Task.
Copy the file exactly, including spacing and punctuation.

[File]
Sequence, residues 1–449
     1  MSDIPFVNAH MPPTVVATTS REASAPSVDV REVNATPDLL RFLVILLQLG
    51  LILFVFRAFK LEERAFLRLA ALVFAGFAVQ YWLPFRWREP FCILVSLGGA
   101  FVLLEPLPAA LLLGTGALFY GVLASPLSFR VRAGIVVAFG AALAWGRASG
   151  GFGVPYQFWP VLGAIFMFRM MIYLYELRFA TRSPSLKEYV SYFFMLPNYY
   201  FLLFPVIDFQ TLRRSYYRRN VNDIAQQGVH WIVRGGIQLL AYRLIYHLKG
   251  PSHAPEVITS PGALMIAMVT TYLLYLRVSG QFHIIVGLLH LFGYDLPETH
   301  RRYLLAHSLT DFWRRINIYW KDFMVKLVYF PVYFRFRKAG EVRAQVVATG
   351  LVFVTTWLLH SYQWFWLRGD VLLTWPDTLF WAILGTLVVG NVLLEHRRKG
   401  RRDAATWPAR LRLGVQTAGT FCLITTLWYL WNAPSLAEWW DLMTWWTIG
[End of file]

Sequence, residues 1–449
     1  MSDIPFVNAH MPPTVVATTS REASAPSVDV REVNATPDLL RFLVILLQLG
    51  LILFVFRAFK LEERAFLRLA ALVFAGFAVQ YWLPFRWREP FCILVSLGGA
   101  FVLLEPLPAA LLLGTGALFY GVLASPLSFR VRAGIVVAFG AALAWGRASG
   151  GFGVPYQFWP VLGAIFMFRM MIYLYELRFA TRSPSLKEYV SYFFMLPNYY
   201  FLLFPVIDFQ TLRRSYYRRN VNDIAQQGVH WIVRGGIQLL AYRLIYHLKG
   251  PSHAPEVITS PGALMIAMVT TYLLYLRVSG QFHIIVGLLH LFGYDLPETH
   301  RRYLLAHSLT DFWRRINIYW KDFMVKLVYF PVYFRFRKAG EVRAQVVATG
   351  LVFVTTWLLH SYQWFWLRGD VLLTWPDTLF WAILGTLVVG NVLLEHRRKG
   401  RRDAATWPAR LRLGVQTAGT FCLITTLWYL WNAPSLAEWW DLMTWWTIG